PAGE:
A year before a draft-night trade made them teammates last summer, Jimmy Butler and Karl Anthony-Towns were paired by NBA 2K video game marketers for a commercial shoot filmed in the desert outside Las Vegas.
In July 2016, Towns played for the Timberwolves and Butler for the Chicago Bulls, but they were put together very briefly in a “Time to Assemble” commercial for the 2017 NBA 2K version that also included Paul George, Kevin Durant, Kyrie Irving, Draymond Green, Andre Drummond and Mike Krzyzewski.
In their spot together, Butler answered a call from Drummond while he jogged in the desert. Towns tagged along beside Butler, holding an umbrella over Butler’s head and cooling him with water spritzed from a spray bottle.
“You got Jimmy,” Butler answered, in the third person. “Jimmy’s listening.”
“That was in the script,” Towns said, “but he got to do it whatever way he wanted to do it.”
Towns said he also improvised. Interrupted by Drummond and called together with the others to gather immediately, Towns tossed aside the umbrella, punted the spray bottle and said, “I told you we shouldn’t have come out here, man.”
It’s not exactly Robert DeNiro improvising “You talkin’ to me?” but Towns considers it acting nonetheless.
If he can co-star with the great Sasquatch in a series of Jack Link’s jerky ads, what’s a fleeting supporting role alongside an NBA All-Star for a popular video game?
“We were just acting whatever way we wanted to do it,” Towns said. “We kind of just did it our own way. Throwing the umbrella and kicking the squirt bottle, that was just me freelancing it. ... People watch commercials and they see the 30, 25, 16 seconds or whatever it might be. But they don’t realize it takes sometimes like an hour to get something right. You might did the same thing, but you do it from five different angles.”
Why they were put together for that hour’s shoot, neither to this day says he knows.
“Hey, I can’t predict the future,” Butler said. “Maybe they knew something was coming to happen.”
Something did happen last summer on draft night, when the Wolves made the five-player trade that reunited Butler and former Bulls coach Tom Thibodeau and brought Butler together with his man Friday in the Vegas desert while both were there to attend summer league, among other things.
“We were in the real desert, that’s not green screen or anything,” Towns said. “It was hot. It was the middle of summer. It was blazing hot.”
Towns said the heat wasn’t foremost on Butler’s mind.
“I think Jimmy seemed to be more scared of a snake coming out of the desert,” Towns said.
Sixteen months later, Butler said he didn’t remember the commercial shoot until reminded of it.
“To tell you the truth, I forgot all about that,” Butler said. “It was so long ago. I know it was quick. We said a couple words to one another.”
Butler didn’t deny a fear of snakes, though.
“A lot of people are,” Butler said. “You’re not going to tell me you’re not, either. You come face-to-face with an anaconda, you’re scared, too.”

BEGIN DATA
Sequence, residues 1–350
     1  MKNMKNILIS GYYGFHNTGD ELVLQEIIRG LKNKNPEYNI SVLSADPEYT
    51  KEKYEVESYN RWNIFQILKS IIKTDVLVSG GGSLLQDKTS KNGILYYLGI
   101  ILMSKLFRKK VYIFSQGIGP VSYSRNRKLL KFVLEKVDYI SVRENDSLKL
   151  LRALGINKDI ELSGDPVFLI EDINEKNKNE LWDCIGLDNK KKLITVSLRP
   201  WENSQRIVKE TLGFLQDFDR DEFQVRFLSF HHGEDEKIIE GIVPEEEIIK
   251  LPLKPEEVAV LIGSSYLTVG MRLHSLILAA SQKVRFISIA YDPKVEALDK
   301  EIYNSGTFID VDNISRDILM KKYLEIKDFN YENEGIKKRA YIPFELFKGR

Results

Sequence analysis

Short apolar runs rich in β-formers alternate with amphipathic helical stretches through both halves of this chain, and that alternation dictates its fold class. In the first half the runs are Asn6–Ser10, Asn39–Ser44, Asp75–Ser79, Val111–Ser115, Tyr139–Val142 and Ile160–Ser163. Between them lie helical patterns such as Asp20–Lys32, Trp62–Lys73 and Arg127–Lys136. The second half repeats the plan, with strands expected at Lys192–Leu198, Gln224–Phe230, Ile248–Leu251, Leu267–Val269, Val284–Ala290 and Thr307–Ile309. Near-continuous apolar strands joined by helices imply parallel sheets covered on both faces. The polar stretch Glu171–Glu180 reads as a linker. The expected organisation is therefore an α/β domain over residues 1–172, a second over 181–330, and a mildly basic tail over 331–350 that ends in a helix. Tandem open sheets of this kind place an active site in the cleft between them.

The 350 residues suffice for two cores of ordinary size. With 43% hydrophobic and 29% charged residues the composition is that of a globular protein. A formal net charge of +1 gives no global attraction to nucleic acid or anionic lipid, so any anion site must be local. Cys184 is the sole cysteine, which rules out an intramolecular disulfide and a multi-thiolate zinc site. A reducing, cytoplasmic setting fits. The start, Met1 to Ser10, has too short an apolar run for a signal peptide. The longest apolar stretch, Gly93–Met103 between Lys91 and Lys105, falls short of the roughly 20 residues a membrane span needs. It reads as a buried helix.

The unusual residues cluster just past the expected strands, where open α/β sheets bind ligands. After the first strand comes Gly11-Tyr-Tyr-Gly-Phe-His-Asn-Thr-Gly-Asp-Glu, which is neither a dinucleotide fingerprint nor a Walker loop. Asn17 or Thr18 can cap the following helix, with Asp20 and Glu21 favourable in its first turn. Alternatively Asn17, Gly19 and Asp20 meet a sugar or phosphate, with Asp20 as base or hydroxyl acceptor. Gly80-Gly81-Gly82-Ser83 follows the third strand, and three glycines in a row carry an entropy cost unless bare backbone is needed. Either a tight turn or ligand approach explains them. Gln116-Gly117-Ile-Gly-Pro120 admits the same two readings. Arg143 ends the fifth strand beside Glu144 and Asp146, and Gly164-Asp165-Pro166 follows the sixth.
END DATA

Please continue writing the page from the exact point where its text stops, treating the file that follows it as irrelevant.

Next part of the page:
Towns apparently remembers more of that brief, chance encounter than Butler does.
“It was a lot of fun,” Towns said. “I’m glad to be his teammate now.”
• Former league MVP and oft-injured Derrick Rose has stepped away from Cleveland to re-evaluate his future while he is sidelined by a sprained ankle and frustrated by recurring injuries.
The Timberwolves’ Tom Thibodeau coached Rose for five seasons in Chicago, including that MVP season when the Bulls won 62 regular-season games.
“I love Derrick,” Thibodeau said. “I just want him to have peace of mind, whatever it is he decides. I know what he has gone through, and … it has been tough. It’s a hard road. He’s a great person. He’s a great player. What he did in that city was amazing and special and as time goes on, people in Chicago, they already do love him … but I think they’ll him appreciate more and more.”
• Washington All-Star point guard John Wall will miss Tuesday’s game at Target Center and could miss the Wizards’ next seven games while he receives platelet-rich plasma injections to reduce inflammation in his left knee.
Without him, backup Tim Frazier starts alongside Bradley Beal in the backcourt.
• The Wolves closed out their season series with Miami on Friday at Target Center, getting their first and final look at shot-blocking Hassan Whiteside in a 109-97 loss.
Whiteside is the latest of a long list of players Heat executive Pat Riley and coach Erik Spoelstra have reclaimed and remade. Their current roster alone includes the likes of Whiteside, James Johnson, Dion Waiters and others.
“He’s an incredible person,” Thibodeau said of Riley. “I don’t know how many times he remade the Heat, but to sustain it over such a long period of time is impressive. He built the Knicks, took them over when they were rock bottom and made them great. And, of course, what he did with the Lakers … I really have a lot of respect for the way they do things.”
WOLVES’ WEEK AHEAD
Sunday: 2:30 p.m. vs. Phoenix
Tuesday: 7 p.m. vs. Washington
Wednesday: 7 p.m. at N.O.
Friday: 7 p.m. at Oklahoma City
All games on FSN; Friday also on NBATV
Player to watch: Russell Westbrook, Thunder
Oklahoma City still struggles to break through the .500 mark while the reigning league MVP and newly acquired Paul George and Carmelo Anthony all seek to find exactly where they fit.
“I never counted, but I know it was a lot.”
Wolves center Karl-Anthony Towns on Thanksgiving meals he helped serve after he donated $10,000 to the House of Charity Food Centre.
Twitter: @JerryZgoda, E-mail: firstname.lastname@example.org, Blog: startribune.com/wolves